“She got really quiet, which was a little disturbing, so I asked if she was still there and she said, ‘I’m just on Google. I found a flight on Wednesday — see you then!”’

That was nearly five years ago—and she’s been here ever since with the trusty old paring knife she’d brought from home.

‘In the beginning she was quite scared. It was a new life, a new adventure,” says Giuseppe.

Giuseppe’s father followed her to the UK shortly afterwards.

But as good as Anna was, one real mother would never be enough for all the motherless Italians in London, so Giuseppe decided to expand.

He started by posting a message on social media saying that he was hunting for mamas – not trained chefs – to cook at a restaurant in London. If they came for at least three months, he’d pay for their travel expenses, a transportation allowance while he was here, and even accommodate them in a Mammas’ House in London.

He was flooded. “It got completely out of hand. I started with Sicily, but I got messages from all over Italy – a lot of them from their children!’

One was the mother of one of his best school friends – ‘her cooking was amazing, we all wanted to go to his house’ – so even though she spoke only Italian, she was right in.

One was a teacher. Another had worked for the municipality. Some had barely traveled; the Underground turned out to be quite a shock.

Mamma Marilena, from Emilia-Romagna – the rich gastronomic region of northern Italy – was 60 years old and had never left the country, or spent any time without her husband since their marriage. But when she saw an ad in a local paper, she said, “I want to go!”

She came with her son – he worked at the bar – and stayed for four months.

“She loved it. She was so happy. We all cried when she left,” says Mama Sara.

After a telephone interview, all the mums were then invited to come to London – armed with signature recipes from their region, passed down from generation to generation, which they were supposed to cook during the interview process.

Hollywood star and foodie Stanley Tucci loved the mamas and their home cooking so much that he filmed part of his upcoming TV series Searching For Italy there.

Hollywood star and foodie Stanley Tucci loved the mamas and their home cooking so much that he filmed part of his upcoming TV series Searching For Italy there.

Mamma Maria is from Bari and loves nothing more than to fill customers with panzerotti (savory fries), orecchiette alle cime di rapa (pasta ‘ears’ with Italian broccoli) and handmade bigne (small, deep-fried pastries).

And Mamma Fabiana’s recipes—along with her tiramisu—include ragu marchigaiano (chicken, pork, and beef slow-cooked in tomato sauce) and rabbit in tomato sauce. They all came from her mother-in-law.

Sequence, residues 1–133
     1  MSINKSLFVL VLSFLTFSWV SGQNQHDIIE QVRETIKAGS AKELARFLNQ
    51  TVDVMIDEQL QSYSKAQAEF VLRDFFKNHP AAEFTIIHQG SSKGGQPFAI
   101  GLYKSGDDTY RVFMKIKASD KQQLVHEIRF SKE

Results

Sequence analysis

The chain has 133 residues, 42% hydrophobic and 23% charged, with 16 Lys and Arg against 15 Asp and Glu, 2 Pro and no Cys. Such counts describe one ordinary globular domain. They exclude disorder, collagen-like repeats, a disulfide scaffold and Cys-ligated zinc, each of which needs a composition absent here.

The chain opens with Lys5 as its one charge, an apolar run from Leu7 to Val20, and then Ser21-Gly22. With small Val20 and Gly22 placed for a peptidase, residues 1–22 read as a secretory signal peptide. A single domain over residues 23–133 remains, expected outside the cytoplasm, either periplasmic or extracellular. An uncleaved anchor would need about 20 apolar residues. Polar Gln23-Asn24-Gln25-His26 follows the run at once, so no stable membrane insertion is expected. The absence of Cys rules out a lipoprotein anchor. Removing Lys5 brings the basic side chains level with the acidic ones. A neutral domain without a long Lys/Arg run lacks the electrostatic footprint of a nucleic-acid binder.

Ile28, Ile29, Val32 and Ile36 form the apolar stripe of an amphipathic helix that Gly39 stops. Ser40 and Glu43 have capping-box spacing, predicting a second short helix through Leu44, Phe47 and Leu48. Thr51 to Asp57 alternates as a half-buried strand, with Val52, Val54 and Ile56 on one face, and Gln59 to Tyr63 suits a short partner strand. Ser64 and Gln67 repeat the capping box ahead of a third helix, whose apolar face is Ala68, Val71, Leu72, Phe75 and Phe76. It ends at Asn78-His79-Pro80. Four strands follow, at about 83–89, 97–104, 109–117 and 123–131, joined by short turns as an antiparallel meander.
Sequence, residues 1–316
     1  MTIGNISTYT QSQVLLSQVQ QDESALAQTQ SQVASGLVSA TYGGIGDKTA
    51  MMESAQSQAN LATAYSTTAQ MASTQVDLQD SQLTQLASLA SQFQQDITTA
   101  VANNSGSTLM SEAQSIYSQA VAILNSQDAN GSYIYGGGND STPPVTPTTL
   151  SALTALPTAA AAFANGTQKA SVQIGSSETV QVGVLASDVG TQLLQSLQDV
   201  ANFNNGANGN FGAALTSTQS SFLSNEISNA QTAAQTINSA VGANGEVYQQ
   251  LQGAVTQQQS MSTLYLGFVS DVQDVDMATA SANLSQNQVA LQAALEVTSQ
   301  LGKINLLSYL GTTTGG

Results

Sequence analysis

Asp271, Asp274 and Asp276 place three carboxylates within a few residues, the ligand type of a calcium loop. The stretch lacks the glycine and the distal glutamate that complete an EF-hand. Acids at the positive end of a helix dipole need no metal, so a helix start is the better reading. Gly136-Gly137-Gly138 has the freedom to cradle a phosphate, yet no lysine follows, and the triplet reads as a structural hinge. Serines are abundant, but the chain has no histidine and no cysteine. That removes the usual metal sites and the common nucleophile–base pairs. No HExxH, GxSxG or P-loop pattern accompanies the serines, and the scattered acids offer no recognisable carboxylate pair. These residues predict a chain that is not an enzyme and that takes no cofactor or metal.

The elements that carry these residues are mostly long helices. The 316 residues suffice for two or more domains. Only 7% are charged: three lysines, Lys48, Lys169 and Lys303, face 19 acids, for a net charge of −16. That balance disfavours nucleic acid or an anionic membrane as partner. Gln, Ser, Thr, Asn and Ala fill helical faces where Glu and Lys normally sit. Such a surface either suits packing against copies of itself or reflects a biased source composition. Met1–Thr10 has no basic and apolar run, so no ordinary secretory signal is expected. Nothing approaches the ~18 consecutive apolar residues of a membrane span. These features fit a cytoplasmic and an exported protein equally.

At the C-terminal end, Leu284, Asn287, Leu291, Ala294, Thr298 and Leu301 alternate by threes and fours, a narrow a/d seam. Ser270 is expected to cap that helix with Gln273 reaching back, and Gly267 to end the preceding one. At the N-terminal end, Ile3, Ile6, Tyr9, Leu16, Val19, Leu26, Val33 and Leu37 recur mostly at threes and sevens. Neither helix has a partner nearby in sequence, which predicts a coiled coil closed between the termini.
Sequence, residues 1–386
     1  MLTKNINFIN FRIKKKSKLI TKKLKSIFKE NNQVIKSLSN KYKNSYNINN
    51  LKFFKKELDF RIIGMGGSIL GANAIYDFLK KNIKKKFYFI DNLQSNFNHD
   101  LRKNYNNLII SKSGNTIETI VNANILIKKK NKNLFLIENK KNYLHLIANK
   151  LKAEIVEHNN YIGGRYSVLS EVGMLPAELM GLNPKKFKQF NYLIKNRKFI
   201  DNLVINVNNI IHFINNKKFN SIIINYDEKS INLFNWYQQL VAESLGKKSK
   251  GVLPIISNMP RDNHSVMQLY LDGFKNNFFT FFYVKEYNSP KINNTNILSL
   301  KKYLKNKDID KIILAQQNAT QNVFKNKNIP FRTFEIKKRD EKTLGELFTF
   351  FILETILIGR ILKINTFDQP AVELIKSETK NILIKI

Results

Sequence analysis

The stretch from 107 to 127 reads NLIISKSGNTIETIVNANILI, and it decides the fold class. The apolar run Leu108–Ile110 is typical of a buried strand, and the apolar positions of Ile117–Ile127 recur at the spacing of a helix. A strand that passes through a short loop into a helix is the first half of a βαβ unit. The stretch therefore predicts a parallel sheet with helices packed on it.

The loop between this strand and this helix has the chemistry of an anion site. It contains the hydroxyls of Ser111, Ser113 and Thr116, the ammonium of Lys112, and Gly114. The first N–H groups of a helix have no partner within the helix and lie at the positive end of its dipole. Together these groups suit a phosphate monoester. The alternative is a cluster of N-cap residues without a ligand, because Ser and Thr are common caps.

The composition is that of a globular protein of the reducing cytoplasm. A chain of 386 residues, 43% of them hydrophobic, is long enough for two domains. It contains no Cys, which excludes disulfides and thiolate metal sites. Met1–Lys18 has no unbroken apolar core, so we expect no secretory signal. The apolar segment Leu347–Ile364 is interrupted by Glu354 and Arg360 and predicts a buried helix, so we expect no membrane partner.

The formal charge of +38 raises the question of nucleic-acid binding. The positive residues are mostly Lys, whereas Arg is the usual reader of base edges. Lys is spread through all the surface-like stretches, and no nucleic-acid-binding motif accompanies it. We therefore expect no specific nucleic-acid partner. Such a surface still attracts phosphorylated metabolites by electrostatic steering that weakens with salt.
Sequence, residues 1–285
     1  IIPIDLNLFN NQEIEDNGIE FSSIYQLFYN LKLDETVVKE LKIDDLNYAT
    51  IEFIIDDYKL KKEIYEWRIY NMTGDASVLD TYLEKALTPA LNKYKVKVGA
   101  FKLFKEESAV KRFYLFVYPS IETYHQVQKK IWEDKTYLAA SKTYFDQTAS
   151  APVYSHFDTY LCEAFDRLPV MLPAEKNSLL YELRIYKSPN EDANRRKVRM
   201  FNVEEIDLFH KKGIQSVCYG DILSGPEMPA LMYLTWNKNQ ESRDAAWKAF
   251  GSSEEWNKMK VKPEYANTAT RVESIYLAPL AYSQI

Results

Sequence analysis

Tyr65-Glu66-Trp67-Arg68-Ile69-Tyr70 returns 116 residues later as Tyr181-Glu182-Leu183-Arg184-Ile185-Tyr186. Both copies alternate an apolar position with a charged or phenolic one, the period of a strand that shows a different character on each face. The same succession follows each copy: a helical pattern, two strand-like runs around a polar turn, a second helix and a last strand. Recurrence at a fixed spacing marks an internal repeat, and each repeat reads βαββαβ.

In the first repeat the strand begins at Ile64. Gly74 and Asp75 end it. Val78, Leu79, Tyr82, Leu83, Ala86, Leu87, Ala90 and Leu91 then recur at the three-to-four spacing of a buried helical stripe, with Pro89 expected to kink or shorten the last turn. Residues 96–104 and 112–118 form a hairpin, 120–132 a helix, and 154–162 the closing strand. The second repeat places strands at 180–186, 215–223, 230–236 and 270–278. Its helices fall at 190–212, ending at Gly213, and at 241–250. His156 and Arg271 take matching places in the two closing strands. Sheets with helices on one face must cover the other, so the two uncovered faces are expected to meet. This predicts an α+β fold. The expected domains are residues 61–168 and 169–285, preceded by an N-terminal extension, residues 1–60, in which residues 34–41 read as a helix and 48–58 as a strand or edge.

“I divorced my husband ten years ago, but I’ve adopted the recipes! They were the best things I got out of that marriage!’ she smiles.

None of them failed the cooking test. What else would you expect? Good food belongs to the Italians. It’s part of their DNA.

“It’s not just about food. It’s about the preparation. Being together. It keeps a family together. It’s part of us. When you smell the tomato pan, you have memories of the summer with your family,” says Mama Sara.

And when you think of all those famous Italian chefs who are always whining about their mothers, it seems like Giuseppe might be onto something.

Giorgio Locatelli may be decorated with Michelin stars, but he learned to cook from his mother and grandmother.

And Gennaro Contaldo loves to praise his mother’s slow-cooked ragu and bread—which she baked on Thursdays because, she said, was “the day I was born”—and the three-course lunches she fed him for years with the train.

But back to the very noisy kitchen of La Mia Mamma, where the mamas are miles from home but lack confidence or chat, especially when they oversee the cooking of their signature dishes. “They’re all very, very bossy. Very sturdy. They won’t change anything!’ says Giuseppe.

That means a lot of shouting. Lots of ‘No, no, no! That’s not how you do it. Why do you want to do it like this? My mother did it like this!’

Not only is La Mia Mamma one of the liveliest and most brilliantly chaotic restaurants around, the food is fantastic – and good value. A two course meal starting with an Aperol Spritz, followed by a selection of starters to share and a pasta dish costs £35 per person.

Add a main course and it’s £45.

I recommend the pistachio pesto with cavatelli pasta. And if you happen to be on the hunt for an unfettered Italian man, this could be your lucky spot. But do not forget that you are always second to his beloved mother.